The Book of 1 TIMOTHY
James J. Barker


Lesson 9
THE WORK OF A GOOD MINISTER OF JESUS CHRIST

Text: 1 TIMOTHY 5:1-20


INTRODUCTION:


  1. In I Timothy 4:6, the apostle Paul tells Timothy, "If thou put the brethren in remembrance of these things, thou shalt be a good minister of Jesus Christ."
  2. The Scofield Study Bible says chapter 4 describes "the walk of a good minister of Jesus Christ," and chapter 5, "the work of a good minister of Jesus Christ."
  3. So tonight, we will look at the minister's work.

 

I. OLDER MEN AND WOMEN (5:1, 2)

  1. "Elder" here means an older man, not a pastor (5:1, 2). Correction may be necessary but it must be done with the right spirit (tactfully, respectfully, etc.).
  2. Older women are to be treated as mothers -- with the same dignity, love, and respect.
  3. Younger women should be treated as sisters "with all purity." We should be careful to avoid even the appearance of evil.

 

II. WIDOWS (5:3-16)

  1. The Bible has much to say about widows. The apostolic church took care of its widows (cf. Acts 6:1 ff).
  2. One of the sins of the scribes and Pharisees was the way they mistreated widows. Our Lord said in Matthew 23:14, "Woe unto you, scribes and Pharisees, hypocrites! for ye devour widows' houses..."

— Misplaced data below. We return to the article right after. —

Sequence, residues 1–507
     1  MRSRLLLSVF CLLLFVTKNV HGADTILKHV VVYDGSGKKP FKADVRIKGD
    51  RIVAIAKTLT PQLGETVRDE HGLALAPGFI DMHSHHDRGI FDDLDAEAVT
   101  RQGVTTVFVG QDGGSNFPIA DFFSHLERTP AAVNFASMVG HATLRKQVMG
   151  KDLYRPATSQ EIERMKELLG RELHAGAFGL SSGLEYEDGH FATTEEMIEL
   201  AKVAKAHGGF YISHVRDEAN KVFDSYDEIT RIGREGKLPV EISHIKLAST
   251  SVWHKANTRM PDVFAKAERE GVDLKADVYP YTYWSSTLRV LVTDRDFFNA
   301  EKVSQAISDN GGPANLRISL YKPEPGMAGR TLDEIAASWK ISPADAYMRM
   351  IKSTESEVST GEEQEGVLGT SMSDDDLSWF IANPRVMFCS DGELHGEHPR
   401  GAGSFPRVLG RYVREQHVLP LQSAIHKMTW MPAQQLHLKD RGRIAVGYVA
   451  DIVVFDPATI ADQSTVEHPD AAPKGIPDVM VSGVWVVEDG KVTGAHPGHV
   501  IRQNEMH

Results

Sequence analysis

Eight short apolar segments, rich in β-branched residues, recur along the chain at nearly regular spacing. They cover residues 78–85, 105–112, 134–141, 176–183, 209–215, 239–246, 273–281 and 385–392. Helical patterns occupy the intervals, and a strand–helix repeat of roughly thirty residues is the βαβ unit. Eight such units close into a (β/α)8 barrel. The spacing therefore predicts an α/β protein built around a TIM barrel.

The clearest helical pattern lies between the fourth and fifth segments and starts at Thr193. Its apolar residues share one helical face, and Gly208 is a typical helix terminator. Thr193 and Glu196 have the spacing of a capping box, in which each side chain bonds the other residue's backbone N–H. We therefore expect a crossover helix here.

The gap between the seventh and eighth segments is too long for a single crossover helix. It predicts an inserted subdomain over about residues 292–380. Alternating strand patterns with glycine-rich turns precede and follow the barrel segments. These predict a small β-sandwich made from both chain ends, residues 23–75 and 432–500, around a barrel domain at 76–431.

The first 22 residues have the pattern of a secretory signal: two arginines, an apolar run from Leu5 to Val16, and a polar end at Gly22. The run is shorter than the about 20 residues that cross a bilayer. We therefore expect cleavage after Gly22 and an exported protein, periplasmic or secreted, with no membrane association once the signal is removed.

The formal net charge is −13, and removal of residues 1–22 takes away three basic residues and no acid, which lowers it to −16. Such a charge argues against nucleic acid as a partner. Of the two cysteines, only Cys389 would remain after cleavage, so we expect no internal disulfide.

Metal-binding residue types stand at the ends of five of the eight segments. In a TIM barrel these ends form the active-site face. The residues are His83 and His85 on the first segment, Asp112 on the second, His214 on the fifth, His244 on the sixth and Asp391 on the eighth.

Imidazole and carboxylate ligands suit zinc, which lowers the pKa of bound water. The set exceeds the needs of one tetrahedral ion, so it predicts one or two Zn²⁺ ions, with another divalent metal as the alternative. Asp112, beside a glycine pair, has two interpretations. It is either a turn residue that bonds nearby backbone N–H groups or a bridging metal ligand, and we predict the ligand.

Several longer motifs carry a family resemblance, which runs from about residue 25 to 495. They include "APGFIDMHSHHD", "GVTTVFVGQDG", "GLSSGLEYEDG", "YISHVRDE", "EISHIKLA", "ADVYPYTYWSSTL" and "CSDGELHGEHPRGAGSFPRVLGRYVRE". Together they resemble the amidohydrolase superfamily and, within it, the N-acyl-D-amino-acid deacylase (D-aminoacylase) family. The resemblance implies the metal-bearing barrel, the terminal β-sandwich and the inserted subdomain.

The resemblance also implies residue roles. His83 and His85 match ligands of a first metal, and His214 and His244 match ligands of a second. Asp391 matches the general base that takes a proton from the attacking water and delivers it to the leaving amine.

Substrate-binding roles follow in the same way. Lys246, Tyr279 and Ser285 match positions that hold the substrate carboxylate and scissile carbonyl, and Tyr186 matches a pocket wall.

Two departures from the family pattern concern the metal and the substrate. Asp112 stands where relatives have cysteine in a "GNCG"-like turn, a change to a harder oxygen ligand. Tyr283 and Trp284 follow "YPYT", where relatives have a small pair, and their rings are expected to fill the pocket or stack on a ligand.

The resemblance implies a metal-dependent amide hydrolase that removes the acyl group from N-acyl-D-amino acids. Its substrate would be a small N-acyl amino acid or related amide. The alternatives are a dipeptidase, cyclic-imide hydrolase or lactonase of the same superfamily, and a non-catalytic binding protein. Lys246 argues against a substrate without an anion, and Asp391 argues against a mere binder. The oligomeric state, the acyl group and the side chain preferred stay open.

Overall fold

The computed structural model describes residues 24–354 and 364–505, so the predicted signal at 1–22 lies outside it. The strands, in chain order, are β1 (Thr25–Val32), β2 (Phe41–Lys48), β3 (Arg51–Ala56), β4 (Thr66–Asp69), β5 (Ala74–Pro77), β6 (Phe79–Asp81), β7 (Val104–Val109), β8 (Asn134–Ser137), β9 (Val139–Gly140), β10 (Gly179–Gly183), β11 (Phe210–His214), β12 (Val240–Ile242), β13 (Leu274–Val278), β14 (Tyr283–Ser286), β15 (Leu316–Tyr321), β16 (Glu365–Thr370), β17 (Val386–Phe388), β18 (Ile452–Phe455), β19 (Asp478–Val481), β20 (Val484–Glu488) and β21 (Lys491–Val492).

3. James 1:27 says, "Pure religion and undefiled before God and the Father is this, To visit the fatherless and widows in their affliction, and to keep himself unspotted from the world."
  4. "Honour" in I Timothy 5:3 means respect and support. This is where we get our word "honorarium."
  5. They must be "widows indeed" (5:3, 5). In other words, genuine widows and genuinely destitute, not pretended, fictitious, or false.
  6. God's method is for the widow's children, and her grandchildren, and her nephews and nieces to take care of her (5:4). If the widow had no family then the church was to take care of her needs.
  7. The whole welfare system (Medicare, Medicaid, food stamps, social security, government housing, etc.) has developed because the churches have failed to do what the Bible teaches.
  8. Also, many widows do not belong to good churches. I heard a while back of a widow who died in her apartment and her body was not discovered for several weeks. If she had been an active member of a good church, people would have been looking after her.
  9. "A widow indeed" (5:5) is "desolate" (all alone, with no family). She "continueth in supplications and prayers night and day." God answers her prayers and her needs are met.
  10. On the other hand, worldly widows who live in pleasure are dead, even while they live (5:6). This refers to the uselessness of a life that is lived for worldly pleasures. They are alive in the flesh, but dead spiritually. What a contrast between verses 5 and 6.
  11. "And these things give in charge" (5:7) means, "And these things command..." Timothy was to give these instructions to the church.